While my goal is to provide recommendations on what will have the greatest impact, I certainly don’t pretend to know the definitive answer to this question. I wrote this to try to share some thoughts and suggestions based on my own research. There are many ways we can benefit someone, and in general, we often commend many actions of love: rescuing the dying, caring for the sick, loving and comforting the unloved and lonely, educating, etc. And while it is easy to endorse all of these, when it comes down to actually giving our money, we have to make a quantifiable priority on these. The Bible doesn’t give us any tables enumerating precise relative weightings of different values. I am not going to try to delve in the philosophical depths of comparing different (Biblical) values, I will just recognize that each of us may have different priorities and values that we are drawn towards that can influence our giving, and I’ll try to make some suggestions based on many of these values. Also, this is a very numerical approach to comparison, and for some this may be lacking the integration of certain non-measurable aspects of ministry.
First, there are different goals we can pursue in our giving, based on our values. Here are several questions to ask, that will guide you to the best donation choice:
- Do you want your donation to result in an immediate benefit to someone, or would you prefer for it be an investment that may not do as much right now, but could reap much larger benefits years from now?
- Do you want to save a few lives, or improve the quality of life for a large number of people?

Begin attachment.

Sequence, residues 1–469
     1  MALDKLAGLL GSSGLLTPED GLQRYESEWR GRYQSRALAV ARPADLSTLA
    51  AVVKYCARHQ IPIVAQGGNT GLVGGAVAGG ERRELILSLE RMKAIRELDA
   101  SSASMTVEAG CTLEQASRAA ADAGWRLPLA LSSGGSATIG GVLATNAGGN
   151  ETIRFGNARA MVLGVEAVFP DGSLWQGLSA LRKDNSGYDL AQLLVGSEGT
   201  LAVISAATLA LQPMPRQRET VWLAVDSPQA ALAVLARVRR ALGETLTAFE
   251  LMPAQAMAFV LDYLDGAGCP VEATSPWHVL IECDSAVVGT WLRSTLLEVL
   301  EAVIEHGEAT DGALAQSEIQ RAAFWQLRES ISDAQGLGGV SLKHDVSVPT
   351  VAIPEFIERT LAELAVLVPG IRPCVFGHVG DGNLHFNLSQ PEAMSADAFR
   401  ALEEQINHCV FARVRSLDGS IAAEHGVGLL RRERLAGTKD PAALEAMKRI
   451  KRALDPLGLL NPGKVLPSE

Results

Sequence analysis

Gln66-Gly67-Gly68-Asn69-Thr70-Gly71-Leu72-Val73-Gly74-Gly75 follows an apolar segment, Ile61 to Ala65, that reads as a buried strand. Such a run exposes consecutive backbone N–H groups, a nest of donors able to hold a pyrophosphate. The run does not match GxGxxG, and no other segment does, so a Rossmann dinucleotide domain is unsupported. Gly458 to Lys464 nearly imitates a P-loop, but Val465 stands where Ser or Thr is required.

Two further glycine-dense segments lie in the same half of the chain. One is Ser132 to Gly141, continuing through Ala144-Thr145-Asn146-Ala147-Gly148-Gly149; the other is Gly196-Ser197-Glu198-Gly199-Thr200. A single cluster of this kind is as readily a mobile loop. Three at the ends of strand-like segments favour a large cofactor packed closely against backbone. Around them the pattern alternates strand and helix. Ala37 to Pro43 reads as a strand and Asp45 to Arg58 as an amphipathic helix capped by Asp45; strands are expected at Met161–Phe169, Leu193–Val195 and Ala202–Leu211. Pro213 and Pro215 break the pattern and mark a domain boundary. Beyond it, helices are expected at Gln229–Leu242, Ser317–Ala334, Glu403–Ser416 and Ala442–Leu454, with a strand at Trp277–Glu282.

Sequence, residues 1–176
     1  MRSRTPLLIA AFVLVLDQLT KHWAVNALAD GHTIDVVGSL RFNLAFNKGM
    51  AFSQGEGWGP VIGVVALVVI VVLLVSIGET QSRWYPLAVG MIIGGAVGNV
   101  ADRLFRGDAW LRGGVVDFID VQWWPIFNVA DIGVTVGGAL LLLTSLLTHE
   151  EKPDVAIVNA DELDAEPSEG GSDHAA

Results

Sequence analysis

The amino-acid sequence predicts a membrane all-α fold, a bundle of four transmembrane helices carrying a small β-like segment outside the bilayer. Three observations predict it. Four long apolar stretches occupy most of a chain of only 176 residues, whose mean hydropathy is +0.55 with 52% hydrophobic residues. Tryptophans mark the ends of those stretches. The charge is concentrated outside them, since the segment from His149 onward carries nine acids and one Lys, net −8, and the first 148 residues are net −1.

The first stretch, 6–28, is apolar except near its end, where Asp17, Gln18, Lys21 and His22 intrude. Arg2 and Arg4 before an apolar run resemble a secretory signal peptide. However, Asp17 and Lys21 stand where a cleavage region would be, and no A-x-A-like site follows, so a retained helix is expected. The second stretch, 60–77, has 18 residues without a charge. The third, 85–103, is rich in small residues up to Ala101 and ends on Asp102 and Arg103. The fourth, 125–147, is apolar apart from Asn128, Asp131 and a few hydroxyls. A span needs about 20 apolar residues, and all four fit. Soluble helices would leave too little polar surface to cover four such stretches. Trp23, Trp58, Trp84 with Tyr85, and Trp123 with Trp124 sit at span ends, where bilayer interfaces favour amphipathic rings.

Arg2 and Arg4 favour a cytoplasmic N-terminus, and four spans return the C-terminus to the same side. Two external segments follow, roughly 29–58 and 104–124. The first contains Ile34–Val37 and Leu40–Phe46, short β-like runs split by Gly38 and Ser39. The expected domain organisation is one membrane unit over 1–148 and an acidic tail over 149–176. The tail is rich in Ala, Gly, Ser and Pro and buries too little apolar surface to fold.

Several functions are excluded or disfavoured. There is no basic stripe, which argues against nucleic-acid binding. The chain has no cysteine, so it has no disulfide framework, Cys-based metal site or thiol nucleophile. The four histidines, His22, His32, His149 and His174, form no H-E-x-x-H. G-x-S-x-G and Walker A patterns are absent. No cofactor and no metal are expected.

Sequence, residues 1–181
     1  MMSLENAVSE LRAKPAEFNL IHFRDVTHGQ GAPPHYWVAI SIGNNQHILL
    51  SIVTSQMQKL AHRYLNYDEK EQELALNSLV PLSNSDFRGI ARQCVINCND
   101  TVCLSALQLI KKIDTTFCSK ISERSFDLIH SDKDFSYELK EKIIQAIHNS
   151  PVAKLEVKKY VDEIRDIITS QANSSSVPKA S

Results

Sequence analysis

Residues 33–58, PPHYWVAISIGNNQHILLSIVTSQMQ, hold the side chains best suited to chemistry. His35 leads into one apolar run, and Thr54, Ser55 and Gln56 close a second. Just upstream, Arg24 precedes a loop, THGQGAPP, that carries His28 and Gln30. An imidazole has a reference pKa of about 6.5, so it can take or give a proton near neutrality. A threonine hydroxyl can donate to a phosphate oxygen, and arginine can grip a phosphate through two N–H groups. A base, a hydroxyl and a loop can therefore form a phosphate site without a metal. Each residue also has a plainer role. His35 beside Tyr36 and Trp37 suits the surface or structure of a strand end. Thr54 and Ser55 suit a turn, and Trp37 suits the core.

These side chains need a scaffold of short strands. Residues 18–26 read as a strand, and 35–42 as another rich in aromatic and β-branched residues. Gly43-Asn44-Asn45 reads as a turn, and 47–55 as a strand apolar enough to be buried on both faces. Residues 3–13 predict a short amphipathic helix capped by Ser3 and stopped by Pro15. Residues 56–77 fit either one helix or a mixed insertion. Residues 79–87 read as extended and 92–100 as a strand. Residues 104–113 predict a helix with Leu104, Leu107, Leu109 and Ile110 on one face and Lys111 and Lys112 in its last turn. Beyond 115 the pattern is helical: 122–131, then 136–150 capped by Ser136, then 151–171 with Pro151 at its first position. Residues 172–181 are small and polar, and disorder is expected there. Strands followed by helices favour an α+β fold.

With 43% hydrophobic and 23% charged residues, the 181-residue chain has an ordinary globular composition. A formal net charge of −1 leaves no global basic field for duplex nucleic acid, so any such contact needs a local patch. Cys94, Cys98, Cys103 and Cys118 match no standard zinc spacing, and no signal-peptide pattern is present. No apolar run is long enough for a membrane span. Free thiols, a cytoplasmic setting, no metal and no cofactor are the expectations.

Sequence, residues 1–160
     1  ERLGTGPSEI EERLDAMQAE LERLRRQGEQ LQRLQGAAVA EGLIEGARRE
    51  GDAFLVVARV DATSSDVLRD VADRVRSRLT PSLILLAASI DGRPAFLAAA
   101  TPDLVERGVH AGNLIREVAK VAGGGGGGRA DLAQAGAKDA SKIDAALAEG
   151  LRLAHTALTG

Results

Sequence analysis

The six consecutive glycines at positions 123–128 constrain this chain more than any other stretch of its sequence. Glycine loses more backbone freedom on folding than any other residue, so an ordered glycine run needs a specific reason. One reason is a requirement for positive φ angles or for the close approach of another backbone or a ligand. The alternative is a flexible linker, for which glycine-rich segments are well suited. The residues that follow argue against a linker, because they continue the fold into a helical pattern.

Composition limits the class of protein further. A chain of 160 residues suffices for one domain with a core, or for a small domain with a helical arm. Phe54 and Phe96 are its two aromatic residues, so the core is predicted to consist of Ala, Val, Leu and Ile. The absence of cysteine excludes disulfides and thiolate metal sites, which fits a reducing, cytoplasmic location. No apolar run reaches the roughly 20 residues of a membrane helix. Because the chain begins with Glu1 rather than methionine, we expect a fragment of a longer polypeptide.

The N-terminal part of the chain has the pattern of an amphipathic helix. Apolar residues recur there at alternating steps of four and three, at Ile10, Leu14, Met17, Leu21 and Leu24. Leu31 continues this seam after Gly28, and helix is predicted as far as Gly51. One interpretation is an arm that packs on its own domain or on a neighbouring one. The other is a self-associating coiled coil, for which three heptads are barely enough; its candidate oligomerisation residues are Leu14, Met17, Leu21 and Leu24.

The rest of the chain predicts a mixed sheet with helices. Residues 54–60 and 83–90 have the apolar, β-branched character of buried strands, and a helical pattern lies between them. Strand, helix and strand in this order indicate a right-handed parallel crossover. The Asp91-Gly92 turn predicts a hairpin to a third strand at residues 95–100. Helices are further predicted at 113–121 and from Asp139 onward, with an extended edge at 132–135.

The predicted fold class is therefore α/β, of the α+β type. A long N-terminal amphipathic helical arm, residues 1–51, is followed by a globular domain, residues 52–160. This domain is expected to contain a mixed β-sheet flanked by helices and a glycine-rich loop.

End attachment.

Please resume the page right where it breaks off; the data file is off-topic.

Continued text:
- If quality of life, what is most important: Having food, being healthy, having freedom, or something else?
- Do you want proven programs, or unproven (but potentially more beneficial) efforts?
- Do you want the donation to be directly from yourself, or use it to push others to give?
- Do you wish to give to projects with zero harm potential, or prefer projects that have greater positive potential even if some harm is possible?
- Do you want to donate only to Christian organization, or any organization?
Giving Directly: New, Most-Proven
In terms of establishing clear, reproducible evidence of making a difference, the great success story of 2013 was direct unconditional giving. This was a fascinating new strategy partly because it is so non-intuitive. Almost all of us have been trained to believe that giving cash is the worse thing to do. Yet perhaps this stems more from a controlling paternalistic instinct than it does from reality. And if we turn the tables, almost all of us would prefer cash in hand to some other service or product, so we have the freedom to use the cash for what we need most. Perhaps the same is true of the poor, and giving them the freedom and flexibility to meet their greatest need is effective. And in 2013, study after study came out demonstrating and verifying that direct cash transfers really do work, and have a huge impact.